Monday 18 January 2016

An Open Letter To GBK

To The Gourmet Burger Kitchen,

I felt the need to write to you to offer my congratulations on your latest advertising campaign which was clearly designed to cause maximum controversy. This campaign has undoubtedly gained your brand countless new enemies, and quite rightly so.

Maybe the bullish ignorance of your aggressive advertising, which can be likened to a campaign dreamt up by a team of interns on the The Apprentice, was an uneducated blunder or perhaps it was an intentional cheap shot at Vegetarians? Either way the resulting advertising is the same; not cool.

The responsibility of a multi million pound company such as GBK to educate consumers is not something to be taken lightly and I am quite simply startled that the marketing team who came up with this idiocy was actually approved by senior directors. It's one thing creating brand wars against competitors, as we have previously seen between Burger King and McDonalds, but it's a completely different thing to actually attack consumers based on their beliefs. This becomes even more nonsensical when you take into account that some vegetarians and vegans actually eat at your restaurants and probably do so in a group or family where other members choose to eat meat. Just imagine for one second how uncomfortable any vegetarian would feel if they walked into your restaurant to find posters actively mocking them!

The point remains clear, if the decision was to intentionally offend hundreds of thousands of people and the advertising reflects the true position of the GBK brand towards vegetarians, then you are probably the first restaurant chain to take such a drastic move. What is more shocking is that you have decided to do this at a time when more and more people are choosing to lead a plant based diet and thinking more carefully about where to spend their hard earned money. Perhaps if your marketing team had done their research they would know this and they would also be aware that January is known to many as 'Veganuary', a month where thousands of people sign up to go vegan in order to reduce suffering to animals, improve their health and lower their carbon footprint.

One chain of restaurants who did do their research are Hand Made Burger Co. who made the intelligent decision to team up with Veganuary and offer 50% off their vegan options during the month of January. A great example of how to embrace and capitalise on changing consumer demands in the 21st century.

In this modern age discrimination of any kind is not acceptable and a company as large as GBK should certainly not be promoting and encouraging it. Vegetarians and vegans are normal people who recognise that change is happening and is essential for a multitude of reasons including health, sustainability and compassion for the animals who sadly don't get a say in any of this.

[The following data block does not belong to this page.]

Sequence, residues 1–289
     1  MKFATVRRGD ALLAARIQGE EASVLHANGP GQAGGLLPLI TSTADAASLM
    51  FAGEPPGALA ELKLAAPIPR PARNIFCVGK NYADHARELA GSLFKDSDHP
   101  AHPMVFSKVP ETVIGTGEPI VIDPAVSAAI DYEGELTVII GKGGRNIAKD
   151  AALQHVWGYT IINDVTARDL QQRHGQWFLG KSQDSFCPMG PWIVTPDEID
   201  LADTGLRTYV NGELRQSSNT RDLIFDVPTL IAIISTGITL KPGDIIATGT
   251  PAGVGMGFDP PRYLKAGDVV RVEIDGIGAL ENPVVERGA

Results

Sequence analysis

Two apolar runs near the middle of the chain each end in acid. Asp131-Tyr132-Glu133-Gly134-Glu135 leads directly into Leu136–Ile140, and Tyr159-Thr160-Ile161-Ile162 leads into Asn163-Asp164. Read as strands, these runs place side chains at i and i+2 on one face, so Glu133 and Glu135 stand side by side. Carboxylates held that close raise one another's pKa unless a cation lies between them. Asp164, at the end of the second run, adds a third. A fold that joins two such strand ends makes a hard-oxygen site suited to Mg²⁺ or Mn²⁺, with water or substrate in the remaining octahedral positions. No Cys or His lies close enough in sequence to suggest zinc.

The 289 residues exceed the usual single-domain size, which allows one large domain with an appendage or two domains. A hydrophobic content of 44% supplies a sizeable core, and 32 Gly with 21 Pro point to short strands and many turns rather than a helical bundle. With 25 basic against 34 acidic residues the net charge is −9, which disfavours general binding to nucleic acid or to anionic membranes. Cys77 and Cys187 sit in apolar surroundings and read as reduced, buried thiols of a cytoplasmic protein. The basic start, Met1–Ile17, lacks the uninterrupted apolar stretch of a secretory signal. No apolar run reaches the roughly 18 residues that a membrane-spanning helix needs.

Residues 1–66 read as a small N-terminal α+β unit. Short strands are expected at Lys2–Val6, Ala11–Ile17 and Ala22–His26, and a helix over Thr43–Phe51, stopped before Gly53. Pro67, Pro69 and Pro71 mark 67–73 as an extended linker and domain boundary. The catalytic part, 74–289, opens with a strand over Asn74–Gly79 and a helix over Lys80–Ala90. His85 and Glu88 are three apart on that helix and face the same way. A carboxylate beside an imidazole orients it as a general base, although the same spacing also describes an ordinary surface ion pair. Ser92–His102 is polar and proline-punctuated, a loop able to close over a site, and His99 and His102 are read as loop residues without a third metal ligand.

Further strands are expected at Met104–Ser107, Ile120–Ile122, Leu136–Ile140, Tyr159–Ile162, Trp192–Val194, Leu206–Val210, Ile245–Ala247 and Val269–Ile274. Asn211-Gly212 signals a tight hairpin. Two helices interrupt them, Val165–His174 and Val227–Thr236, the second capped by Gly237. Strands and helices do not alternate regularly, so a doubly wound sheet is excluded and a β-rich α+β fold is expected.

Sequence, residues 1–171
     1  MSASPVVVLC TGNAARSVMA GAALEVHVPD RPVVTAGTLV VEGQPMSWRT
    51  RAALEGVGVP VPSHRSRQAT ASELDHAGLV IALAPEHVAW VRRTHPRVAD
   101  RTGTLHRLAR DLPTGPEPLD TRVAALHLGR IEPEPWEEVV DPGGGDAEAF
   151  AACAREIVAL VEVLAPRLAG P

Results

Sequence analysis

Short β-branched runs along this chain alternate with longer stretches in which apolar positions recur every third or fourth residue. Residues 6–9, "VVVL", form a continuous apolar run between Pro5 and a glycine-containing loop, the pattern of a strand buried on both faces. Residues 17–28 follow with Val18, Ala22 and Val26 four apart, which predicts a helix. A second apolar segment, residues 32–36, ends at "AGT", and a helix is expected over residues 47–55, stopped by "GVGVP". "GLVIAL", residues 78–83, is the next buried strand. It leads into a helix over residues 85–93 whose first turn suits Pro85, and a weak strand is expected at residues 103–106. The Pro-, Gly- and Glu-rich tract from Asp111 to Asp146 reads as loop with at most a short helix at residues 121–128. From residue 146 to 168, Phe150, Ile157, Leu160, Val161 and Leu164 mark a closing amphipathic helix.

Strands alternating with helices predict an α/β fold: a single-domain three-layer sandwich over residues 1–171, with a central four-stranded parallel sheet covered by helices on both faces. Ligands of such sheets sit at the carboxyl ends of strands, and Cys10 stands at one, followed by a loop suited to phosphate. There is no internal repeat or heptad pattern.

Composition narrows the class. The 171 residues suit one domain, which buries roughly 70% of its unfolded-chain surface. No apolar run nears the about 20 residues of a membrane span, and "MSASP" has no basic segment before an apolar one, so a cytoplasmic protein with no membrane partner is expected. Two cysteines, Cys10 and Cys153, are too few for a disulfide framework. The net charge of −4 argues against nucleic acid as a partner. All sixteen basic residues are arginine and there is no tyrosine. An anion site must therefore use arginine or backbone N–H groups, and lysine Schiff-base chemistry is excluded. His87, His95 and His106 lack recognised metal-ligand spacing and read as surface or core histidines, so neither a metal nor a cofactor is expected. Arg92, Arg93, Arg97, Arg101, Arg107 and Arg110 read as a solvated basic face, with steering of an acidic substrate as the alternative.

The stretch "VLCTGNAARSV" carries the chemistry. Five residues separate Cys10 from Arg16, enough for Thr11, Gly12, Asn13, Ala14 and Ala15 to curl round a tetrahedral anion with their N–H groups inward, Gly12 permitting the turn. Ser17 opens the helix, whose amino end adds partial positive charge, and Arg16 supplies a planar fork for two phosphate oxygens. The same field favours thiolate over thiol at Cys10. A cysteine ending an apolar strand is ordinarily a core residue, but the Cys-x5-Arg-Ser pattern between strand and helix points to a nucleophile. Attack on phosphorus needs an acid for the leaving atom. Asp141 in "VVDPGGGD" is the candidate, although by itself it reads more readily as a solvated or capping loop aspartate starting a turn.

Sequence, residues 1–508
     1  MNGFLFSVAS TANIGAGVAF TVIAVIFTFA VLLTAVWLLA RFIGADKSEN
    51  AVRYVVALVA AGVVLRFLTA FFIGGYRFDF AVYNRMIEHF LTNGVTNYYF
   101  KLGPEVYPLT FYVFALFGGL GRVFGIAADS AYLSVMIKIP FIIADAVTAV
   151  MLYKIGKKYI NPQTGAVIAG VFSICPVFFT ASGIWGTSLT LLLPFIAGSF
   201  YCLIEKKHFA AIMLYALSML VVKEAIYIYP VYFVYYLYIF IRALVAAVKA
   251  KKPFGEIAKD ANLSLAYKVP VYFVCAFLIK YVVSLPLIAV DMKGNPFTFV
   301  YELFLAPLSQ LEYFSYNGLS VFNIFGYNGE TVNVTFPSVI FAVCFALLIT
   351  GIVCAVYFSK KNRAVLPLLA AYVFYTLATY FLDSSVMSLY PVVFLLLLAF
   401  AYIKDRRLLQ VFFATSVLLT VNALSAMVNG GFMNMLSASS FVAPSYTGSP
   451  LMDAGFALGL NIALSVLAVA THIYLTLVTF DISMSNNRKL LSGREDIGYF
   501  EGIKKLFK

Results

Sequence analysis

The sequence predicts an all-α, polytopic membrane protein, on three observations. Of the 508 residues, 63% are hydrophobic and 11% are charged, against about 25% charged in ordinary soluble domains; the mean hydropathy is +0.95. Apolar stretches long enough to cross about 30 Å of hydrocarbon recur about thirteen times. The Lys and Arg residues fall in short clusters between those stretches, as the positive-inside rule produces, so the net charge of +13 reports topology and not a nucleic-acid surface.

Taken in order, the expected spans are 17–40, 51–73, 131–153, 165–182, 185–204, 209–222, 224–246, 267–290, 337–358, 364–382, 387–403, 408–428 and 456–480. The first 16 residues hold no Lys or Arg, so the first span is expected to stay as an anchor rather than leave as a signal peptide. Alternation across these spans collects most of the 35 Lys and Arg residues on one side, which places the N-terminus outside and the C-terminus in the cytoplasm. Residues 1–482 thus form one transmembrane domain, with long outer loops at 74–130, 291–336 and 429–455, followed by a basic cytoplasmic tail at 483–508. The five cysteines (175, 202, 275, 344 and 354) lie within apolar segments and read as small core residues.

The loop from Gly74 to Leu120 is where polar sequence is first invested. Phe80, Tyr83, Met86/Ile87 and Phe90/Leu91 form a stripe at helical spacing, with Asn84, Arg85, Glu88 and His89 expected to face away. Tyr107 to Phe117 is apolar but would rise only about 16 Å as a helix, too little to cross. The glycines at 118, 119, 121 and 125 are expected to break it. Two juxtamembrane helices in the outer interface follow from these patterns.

Perhaps if you had invested the same time and money spent on this backwards thinking campaign into a new vegetarian & vegan menu then you wouldn't have just alienated your next generation of customers (and their families and friends too).

Kind regards,


  1. I couldn't agree more. At a time where even fast food chains are embracing vegetarian and veganism, GBK have taken a very backwards step.
    I know myself, friends and family will no longer be eating here. We will be taking our business to places that don't isolate and downright bully any of us for any reason and certainly not for our moral beliefs.
    Shame on you GBK.

    Tea in the Tub

  2. This is wonderfully written. Well said!!!

  3. Brilliant post, wonderfully said and rightly so too. It's always saddening to see advertisement campaigns like this. - Tasha

  4. Yes girl yes! You're so right, I wasn't aware of this advertisement but they most definitely need to sort their morals and marketing team out ..X

  5. Yes, yes, yes! Thank you for saying that and so eloquently. :)

  6. I'm sorry, could you please elaborate on "The responsibility of a multi million pound company such as GBK to educate consumers?"
    I don't understand where this responsibility is defined, and how it relates to having an ad campaign that pokes fun at people who aren't a company's main target audience.
    If they were deliberately misleading people ("A GBK burger is healthier than a salad") then yes, I see what responsibility you mean. But this ad campaign has nothing to do with educating people.

    The campaign is a joke. It's not a joke you may find very funny, but it's not something anyone sensible would ever take seriously.

  7. Right up there with Brewdog advertising their so called 'punk beer' by mocking the homeless and transgender people, then justifying it with the standard privileged white boy's defence that 'it's just a bit of banter!'

  8. Well written and succinct. Good work!
    Adam, Intelligent Eating.

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  10. Are we online-signing anything anywhere? Because I'm ready! Well done Sarah.

  11. Couldn't agree more. I have an email complaint in the works, but this post just said everything perfectly. And to this comment above: "The campaign is a joke. It's not a joke you may find very funny, but it's not something anyone sensible would ever take seriously." - Poking fun at your customers, no matter how small that number, is not funny. It'd be taken seriously if it were the other way round.

  12. they make me sick every morning that I have to take the tube, well done Sarah!

  13. This is so disgusting. Your letter was wonderful, direct without being rude. Good for you!

  14. This is so disgusting. Your letter was wonderful, direct without being rude. Good for you!


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